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Chapter 2 APP
Terms in this set (65)
List characteristics of Cell Membrane-Plasma Membrane Phospholipid Bilayer
-Comprised of lipids and proteins)
-Phospholipids have hydrophilic head and hydrophobic tail
-Permeability vary depending on various channels
What membrane proteins are in plasma membrane?
Integral Proteins: Penetrate membrane
Peripheral Proteins: Surface of membrane only (in or out)
What are the functions of proteins?
Pumps- transport ions across membrane
Channels- aqueous ports, gated or un-gated
Receptors- For hormones/neurotransmitters
Enzymes- Catalyzes reactions on surface of cell
What are the functions of Mitochondria?
*Provide ATP for cell through oxidative phosphorylation
*Regulation of apoptosis
Cell can have thousands of mitochondria and mitochondria has own DNA
What is the function of Lysosomes?
They digest various old cell components.
Lysosomes merge w/ vacuoles, digest contents, then contents absorbed by cell or secreted by exocytosis
The interior of lysosomes contain what?
How is the interior of lysosomes kept acidic?
Contains acid hydro lasers (40+ types)
Kept acidic by Proton Pumps
Where are Peroxisomes found?
What do Peroxisomes contain?
Peroxisomes found in cytoplasm (small)
Contain enzymes that either produce or break down H2O2, and contain enzymes associated with catabolism of long chain fatty acids (breakdown of lipids)
What is the purpose of the cytoskeleton?
1. Provides structure for cell's shape
2. Allows cell to change shape and move
What is a Cytoskeleton and what anchors it?
Cytoskeleton is system of fibers that maintain structure and allow shape and movement of cell.
They're anchored by proteins.
What are the major types of cytoskeleton elements, their diameter, and protein subunit?
Microfilament- 7nm- Actin
Intermediate filament- 10nm - Several Proteins
Microtubule- 25nm- Tubulin
What are the functions of Microtubules and what are they made of?
Transports/ rearranges cellular organelles, and aids with cell division
Microtubules are made of Tubulin
What are the two components of microtubules?
Centrioles: Derived from centrosomes, form mitotic spindles that draw chromosomes to daughter cells
Cilia: Hairlike structure protruding from cell, will propel substances over surface of cell (mucus)—Smoking stops cilia movement
What protein occurs in Microfilaments?
What's the function of Microfilaments?
Provide movement to many cell processes
What's the function of intermediate filament?
Forms flexible intracellular scaffolding.
What is function of Molecular Motors?
-Move proteins, organelles, and other cell part around cell
-Convert energy to ATP in movement along cytoskeleton
What are features of Molecular Motors, and what are the 3 super families?
Can be several feet long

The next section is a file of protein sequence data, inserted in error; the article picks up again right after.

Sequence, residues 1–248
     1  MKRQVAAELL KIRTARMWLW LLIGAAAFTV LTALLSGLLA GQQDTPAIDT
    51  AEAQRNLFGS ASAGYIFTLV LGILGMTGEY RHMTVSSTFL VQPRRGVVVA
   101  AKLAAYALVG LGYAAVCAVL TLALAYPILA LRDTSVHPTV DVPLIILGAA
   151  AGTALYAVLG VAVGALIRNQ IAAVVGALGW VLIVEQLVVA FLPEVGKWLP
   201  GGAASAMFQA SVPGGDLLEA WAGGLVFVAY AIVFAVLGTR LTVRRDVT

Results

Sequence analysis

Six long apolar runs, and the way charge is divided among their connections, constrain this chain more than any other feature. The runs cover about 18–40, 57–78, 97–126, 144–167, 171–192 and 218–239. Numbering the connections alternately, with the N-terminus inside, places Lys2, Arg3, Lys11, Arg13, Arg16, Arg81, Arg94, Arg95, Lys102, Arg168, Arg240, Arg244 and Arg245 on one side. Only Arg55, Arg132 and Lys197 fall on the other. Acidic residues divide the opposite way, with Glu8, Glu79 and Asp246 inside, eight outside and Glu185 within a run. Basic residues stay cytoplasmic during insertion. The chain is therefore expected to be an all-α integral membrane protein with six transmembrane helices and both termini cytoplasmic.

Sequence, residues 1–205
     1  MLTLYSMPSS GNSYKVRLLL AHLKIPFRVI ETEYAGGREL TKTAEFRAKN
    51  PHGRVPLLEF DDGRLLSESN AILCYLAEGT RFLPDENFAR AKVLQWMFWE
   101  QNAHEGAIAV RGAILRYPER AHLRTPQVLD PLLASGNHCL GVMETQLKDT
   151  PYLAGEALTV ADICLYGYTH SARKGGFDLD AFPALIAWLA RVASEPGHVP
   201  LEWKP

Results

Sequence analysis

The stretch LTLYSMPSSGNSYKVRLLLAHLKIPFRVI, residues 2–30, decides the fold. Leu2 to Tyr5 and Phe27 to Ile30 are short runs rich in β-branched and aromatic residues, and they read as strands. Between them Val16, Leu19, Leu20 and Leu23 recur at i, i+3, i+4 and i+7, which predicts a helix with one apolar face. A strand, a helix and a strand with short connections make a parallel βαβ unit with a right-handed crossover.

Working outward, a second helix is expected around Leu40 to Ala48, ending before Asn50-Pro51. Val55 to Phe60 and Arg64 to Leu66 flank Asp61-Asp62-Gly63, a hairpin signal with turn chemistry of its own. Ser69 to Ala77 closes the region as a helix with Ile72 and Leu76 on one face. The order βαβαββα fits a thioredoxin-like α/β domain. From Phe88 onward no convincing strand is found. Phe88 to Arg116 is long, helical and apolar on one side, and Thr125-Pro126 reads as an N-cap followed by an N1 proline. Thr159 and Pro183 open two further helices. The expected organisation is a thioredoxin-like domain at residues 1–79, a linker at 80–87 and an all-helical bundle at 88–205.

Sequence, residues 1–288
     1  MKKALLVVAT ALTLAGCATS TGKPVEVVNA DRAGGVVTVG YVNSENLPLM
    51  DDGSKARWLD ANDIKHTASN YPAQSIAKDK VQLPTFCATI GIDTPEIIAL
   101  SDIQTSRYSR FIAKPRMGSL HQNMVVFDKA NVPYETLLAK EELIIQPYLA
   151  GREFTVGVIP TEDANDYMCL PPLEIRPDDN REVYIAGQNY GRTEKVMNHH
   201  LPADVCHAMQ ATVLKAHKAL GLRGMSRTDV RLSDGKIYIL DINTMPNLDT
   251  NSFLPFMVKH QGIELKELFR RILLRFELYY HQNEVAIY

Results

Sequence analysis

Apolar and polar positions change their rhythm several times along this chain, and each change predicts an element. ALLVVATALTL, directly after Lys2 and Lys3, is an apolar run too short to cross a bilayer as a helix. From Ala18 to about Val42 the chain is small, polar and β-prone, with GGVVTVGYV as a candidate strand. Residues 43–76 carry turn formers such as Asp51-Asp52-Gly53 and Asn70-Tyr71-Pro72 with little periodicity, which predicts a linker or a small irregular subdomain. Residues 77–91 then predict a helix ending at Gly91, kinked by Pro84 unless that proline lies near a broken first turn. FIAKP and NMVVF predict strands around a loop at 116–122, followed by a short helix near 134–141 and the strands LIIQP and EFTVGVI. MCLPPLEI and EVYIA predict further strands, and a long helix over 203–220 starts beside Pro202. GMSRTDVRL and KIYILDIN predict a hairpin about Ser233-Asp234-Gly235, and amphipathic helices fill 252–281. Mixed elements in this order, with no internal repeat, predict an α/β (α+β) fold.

1. Kinesin. 2. Dynein. 3. Myosin
What are Intercellular Junctions
Junctions that fasten cells together &/ allow passage of ions from cell to cell.
What are characteristics of Tight Junctions (Zonula Occludens)?
* Apical Margins
* Adhere Very Strongly
* No Spaces
* Little Movement of Ions
* In Epithelial & Renal Cells and Choroid Plexus
What are Desmosomes?
Patches where cells connect by proteins or other filamentous material
What are Hemidesmosomes?
patches where cells connect to basal lamina y Cell Adhesion Molecules
What are Gap Junctions?
Intercellular connections that allow ion movement
Units called _____, are made up of ___ proteins subunits called____.
Connexons; 6; Connexins
Gap Junctions are important for what communication between cells?
Imp. for electrical communication between cells. (Smooth muscle cells, cardiac myocytes, and more)
Name components of Nucleus and what it is surrounded by.
Contains Chromatin, DNA, Proteins, & Nucleolus.
Surrounded by double layer Nuclear Envelope
What's imp. about the Nucleolus?
Is sitie of synthesis of ribosomes
What are ribosomes composed of and what do they do?
Have RNA and protein
They're the site of protein synthesis when attached to mRNA and endoplasmic reticulum. (Proteins extruded into E.R.)
Where are Ribosomes synthesized?
In the Nucleolus
What is the Endoplasmic Reticulum and what are the two types of E.R.?
It is network of membrane tubules in cytoplasm
Rough E.R and Smooth E.R.
What is Rough Endoplasmic Reticulum and Smooth Endoplasmic Reticulum.
Rough E.R concerned with protein synthesis and initial folding of polypeptide chains (form disulfide bonds)
Smooth E.R. is site of steroid synthesis in steroid-secreting cells, and site of detoxification process in other cells.
What is the Golgi Apparatus and its purpose?
It is a membrane enclosed sac.
Proteins are packed in vesicles that bud off rER then migrate to Golgi for post-translational modification (hydroxylation, carboxylation, glycosylation, phosphorylation, cleavage of peptide bonds to form smaller peptide folding into final configuration.—————- The modifications may be followed by exocytosis.
Way that things transport across cell membranes:
Endocytosis (vesicle formed from membranes)
Through Ion Channels
Primary & Secondary Active Transport